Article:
Intermediate Diploma in HRM

I was wondering if anybody could give me a bit of advice? I have been working in HR for the past 2 years. I completed my Level 3 Diploma in HR Practice back in June, with the aim of starting the Level 5 Diploma in September. However the college that I had completed the level 3 with are no longer running CIPD courses. I visited another college a few weeks ago to see if it would be suitable for me to complete level 5 there, however the tutor actually recommended I skip the level 5 & go straight for the level 7. I am 21 & completed A-Levels at 6th form college, therefore he felt I could handle working at the higher level. However I am not too sure if I am ready to work at this level.

I'm now really confused what I should be doing! This level 5 course starts in a few weeks, therefore I feel I am running out of time to make a decision. Due to the time of year, I am also worried that I have missed the start of all the level 7 courses. Plus I would struggle to afford the level 7 courses at the stage.

As I mentioned, I am young therefore do want to do "something" in terms of a qualification. So do I leave it a year, maybe look into payroll courses & enhance my experience through work based learning?

Any advice would be greatly appreciated!



  • Hi Amy,

    I completed my Level 3 last year and I started my Level 5 Diploma in HRM in September.

    My friend is doing her Level 7 but there is stuff that you learn in your Level 5 that i feel is important to know and isnt covered in the Level 7.

    I am very happy that i decided to do the Level 5 first as i am finding it difficult and feel it would have been very hard for me if i skipped to Level 7.

    Hope this helps and good luck with your studies.

  • Thanks for your advice Charlotte. That's reaffirmed in my head that I should not do the level 7 just yet!



  • Hi Amy,

    I am currently studying at Level 7 and it is really a lot of hard work and quite expensive. One piece of advice I would give is - make sure your company support you by giving you time off to study, especially before exams and try to hunt out someone who you can bounce ideas off and who would be willing to read your assignments to review and pass comment on them before you hand them in.

    Good luck!

  • Thanks for your advice Genevieve. I think it will be a little while before I start my Level 7!



  • Hi Amy,
    Merely considering your age and professional experience I would advise you to go for level 5 first. You will be surprised of how senior some of your fellow students will be at that level already, which massively shapes discussions, interactions and group dynamics. Typical jobs related to a level 7 diploma (which, after all, is the highest professional qualification you can get...) will be out of your reach anyway for a couple of years, won't they?
    Good luck!
  • Hi Amy,

    I completed the Level 3 in June last year and started the level 5 in September and the expectations are much greater already, assignments are double the word count, lots more academic reading, the expected standard of research and writing is just overall much higher.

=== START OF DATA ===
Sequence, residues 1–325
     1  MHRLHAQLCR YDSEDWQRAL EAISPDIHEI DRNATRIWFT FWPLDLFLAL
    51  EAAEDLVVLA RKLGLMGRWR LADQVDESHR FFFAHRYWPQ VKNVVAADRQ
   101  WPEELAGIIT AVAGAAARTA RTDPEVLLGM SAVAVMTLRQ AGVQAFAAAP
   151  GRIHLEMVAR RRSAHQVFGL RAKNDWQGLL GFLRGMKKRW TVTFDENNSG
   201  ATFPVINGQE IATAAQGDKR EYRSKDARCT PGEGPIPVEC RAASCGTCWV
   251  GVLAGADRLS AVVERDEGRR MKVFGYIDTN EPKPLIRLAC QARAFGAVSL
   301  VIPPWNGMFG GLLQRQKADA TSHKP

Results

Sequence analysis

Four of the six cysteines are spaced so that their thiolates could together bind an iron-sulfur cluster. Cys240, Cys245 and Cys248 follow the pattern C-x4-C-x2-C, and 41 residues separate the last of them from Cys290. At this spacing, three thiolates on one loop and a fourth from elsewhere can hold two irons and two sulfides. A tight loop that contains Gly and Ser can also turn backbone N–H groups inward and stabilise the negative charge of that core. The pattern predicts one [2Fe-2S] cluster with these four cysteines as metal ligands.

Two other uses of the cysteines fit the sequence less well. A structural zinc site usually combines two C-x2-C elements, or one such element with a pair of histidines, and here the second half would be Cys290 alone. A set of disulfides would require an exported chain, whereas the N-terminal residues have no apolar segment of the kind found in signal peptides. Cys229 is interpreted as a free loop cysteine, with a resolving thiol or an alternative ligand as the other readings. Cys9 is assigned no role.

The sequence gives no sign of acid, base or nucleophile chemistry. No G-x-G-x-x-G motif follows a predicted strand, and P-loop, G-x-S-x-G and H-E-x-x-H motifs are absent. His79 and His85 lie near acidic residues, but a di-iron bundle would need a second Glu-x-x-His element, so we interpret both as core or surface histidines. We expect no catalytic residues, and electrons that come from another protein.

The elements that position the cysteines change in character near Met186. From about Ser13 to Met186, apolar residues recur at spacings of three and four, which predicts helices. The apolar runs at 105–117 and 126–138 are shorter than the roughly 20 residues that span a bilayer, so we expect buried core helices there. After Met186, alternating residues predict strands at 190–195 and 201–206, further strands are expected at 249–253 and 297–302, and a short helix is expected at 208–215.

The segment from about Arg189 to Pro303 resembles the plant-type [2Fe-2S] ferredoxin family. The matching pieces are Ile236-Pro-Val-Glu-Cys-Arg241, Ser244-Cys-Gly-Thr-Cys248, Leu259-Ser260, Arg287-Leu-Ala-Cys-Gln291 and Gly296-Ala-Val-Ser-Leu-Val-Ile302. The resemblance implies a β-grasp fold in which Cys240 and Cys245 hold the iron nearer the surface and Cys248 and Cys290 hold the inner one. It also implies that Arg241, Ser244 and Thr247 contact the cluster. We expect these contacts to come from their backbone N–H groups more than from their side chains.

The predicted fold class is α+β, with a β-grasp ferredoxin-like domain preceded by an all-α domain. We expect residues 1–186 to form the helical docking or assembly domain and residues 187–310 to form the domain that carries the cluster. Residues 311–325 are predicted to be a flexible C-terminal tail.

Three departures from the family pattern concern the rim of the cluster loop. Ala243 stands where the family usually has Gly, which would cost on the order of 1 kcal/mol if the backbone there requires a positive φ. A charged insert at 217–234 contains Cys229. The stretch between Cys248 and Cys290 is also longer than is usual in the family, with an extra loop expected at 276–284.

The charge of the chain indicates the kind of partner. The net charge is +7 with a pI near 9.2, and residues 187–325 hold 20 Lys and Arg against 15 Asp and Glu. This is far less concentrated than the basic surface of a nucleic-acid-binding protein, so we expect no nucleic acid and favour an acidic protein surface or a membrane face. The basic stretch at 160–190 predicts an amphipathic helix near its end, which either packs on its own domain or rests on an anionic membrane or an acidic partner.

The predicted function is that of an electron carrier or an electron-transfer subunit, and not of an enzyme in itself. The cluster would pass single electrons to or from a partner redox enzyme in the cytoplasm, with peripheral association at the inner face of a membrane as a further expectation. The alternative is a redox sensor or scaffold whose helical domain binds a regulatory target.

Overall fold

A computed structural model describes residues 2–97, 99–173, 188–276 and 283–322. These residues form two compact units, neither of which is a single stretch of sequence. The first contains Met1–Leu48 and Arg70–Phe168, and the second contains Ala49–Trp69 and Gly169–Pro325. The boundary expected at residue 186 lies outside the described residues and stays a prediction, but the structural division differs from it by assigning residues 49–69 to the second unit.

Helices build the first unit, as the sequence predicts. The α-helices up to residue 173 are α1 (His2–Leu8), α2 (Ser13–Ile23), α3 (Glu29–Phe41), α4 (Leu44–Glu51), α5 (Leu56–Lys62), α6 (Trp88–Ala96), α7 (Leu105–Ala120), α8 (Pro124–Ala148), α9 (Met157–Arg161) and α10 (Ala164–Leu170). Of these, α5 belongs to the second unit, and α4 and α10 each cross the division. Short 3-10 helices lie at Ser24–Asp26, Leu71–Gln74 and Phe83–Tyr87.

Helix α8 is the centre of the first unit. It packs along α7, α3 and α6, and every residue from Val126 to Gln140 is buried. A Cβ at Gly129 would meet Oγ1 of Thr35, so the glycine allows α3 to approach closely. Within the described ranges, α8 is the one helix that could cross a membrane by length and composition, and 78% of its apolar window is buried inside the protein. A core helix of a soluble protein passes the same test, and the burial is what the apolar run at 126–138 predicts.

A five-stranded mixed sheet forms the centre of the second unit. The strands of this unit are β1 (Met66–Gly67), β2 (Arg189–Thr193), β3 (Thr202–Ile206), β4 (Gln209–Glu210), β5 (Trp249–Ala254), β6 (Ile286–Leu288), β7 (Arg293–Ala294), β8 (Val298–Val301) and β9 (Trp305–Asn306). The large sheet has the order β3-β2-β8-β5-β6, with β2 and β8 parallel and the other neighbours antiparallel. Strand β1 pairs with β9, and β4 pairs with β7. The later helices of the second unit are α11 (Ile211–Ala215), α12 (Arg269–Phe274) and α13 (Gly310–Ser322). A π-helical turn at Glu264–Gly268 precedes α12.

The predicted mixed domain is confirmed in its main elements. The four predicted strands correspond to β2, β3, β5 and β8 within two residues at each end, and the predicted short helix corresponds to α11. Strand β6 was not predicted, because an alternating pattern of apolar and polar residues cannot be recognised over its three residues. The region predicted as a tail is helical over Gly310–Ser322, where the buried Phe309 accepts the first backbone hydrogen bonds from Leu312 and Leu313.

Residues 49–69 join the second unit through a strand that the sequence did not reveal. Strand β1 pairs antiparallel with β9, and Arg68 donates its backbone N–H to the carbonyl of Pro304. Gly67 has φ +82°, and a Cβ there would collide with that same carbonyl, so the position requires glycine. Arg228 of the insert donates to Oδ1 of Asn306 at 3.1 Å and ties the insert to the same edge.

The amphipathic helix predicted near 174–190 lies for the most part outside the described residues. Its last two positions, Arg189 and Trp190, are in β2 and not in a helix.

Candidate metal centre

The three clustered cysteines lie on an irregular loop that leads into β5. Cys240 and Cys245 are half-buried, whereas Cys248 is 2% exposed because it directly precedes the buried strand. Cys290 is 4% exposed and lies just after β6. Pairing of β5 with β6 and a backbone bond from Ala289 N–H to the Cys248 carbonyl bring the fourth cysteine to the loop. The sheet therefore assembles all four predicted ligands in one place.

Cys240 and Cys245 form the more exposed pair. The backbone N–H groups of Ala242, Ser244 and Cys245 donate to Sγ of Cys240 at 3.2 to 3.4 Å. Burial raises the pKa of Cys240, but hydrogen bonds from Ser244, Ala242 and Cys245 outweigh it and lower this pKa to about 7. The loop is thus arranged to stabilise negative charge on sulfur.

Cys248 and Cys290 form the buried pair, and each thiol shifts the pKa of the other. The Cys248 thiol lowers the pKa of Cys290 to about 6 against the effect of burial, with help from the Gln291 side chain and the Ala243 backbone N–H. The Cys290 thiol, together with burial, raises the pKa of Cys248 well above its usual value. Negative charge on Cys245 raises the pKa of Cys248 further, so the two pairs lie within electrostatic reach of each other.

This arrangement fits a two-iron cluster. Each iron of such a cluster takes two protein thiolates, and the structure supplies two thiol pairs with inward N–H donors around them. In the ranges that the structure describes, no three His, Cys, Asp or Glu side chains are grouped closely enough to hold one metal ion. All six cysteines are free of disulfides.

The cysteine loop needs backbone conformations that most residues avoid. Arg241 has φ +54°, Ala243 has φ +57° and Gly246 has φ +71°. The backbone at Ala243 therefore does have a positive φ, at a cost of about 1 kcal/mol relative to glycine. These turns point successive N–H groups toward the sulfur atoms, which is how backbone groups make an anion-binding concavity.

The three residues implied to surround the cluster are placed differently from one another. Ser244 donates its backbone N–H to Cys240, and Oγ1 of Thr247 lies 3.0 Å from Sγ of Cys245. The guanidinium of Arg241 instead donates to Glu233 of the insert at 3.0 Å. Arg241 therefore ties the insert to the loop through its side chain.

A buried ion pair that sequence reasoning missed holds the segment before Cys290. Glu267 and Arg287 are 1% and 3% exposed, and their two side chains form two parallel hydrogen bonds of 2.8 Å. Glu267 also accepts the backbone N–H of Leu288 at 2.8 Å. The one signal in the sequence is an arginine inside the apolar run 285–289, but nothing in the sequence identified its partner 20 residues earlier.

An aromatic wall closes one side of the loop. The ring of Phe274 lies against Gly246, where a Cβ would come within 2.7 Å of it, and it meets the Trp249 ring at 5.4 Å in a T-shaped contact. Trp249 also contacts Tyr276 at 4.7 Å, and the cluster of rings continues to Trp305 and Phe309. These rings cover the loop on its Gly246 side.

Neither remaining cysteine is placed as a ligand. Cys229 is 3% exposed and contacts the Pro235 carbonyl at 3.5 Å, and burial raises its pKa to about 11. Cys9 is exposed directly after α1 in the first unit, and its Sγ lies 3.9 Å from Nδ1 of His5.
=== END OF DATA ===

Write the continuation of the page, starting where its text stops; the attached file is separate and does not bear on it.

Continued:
Some of my level 3 classmates are now studying the Level 7 however from what i can gather you really need to be in a more strategic role and have the power to make decisions and implement change - to be honest, seeing an old classmate 'check in' to the library on facebook at 10pm and not leave until the early hours of the morning and put me off doing the level 7!

    I think once you start your level 5 you will be confident that you have made the right decision, and like me you can put the level 7 on hold until your career compliments the study.
  • Hi Amy,

    I am 25 and have completed my Level 3 and Level 5, and looking to start Level 7 later this year or beginning of next. I would suggest doing 5 before moving straight onto 7 as they are very different and the amount of work involved in 7 is crazy compared to 3 and 5.

    I thought Level 3 was hard when I did it a few years ago, then moved onto Level 5 a year later and realised how easy we had it in Level 3 at the college I went too! I know a few people on Level 7 and it is advanced, not to mention the bigger assignments, dissertation and exams to fit in! (Hence why its 2 years)

    Level 5 is important to do, unless you were in a more senior role I am assuming, then you could go to Level 7.

    All the best for Level 5 when you decide to go onto it, I learnt a lot!
  • Kerry

    | 9 Posts


    22 Aug, 2017 11:35

    Hi Amy, it's not necessarily age related - i'm 42! I did my level 3 as day release back in 2005, so it's been a long time since I studied and wrote academically. I had the option of doing level 7, but made the decision to start with level 5 to give myself the confidence to do level 7 in the future if I want to - but I actually think level 5 will be enough, as i don't want to progress to a HRD role in the future. I'm doing it online through Avado and am enjoying it so far.
  • Clare

    | 72 Posts


    23 Aug, 2017 15:59

    I've previously posted about the same issue - www2.cipd.co.uk/.../61079
    (hope this link works!).
    For Mixed mode/distance learning Level 7 was just too strategic, but I have other colleagues in my team with less HR experience who are studying part time at a university and doing well.
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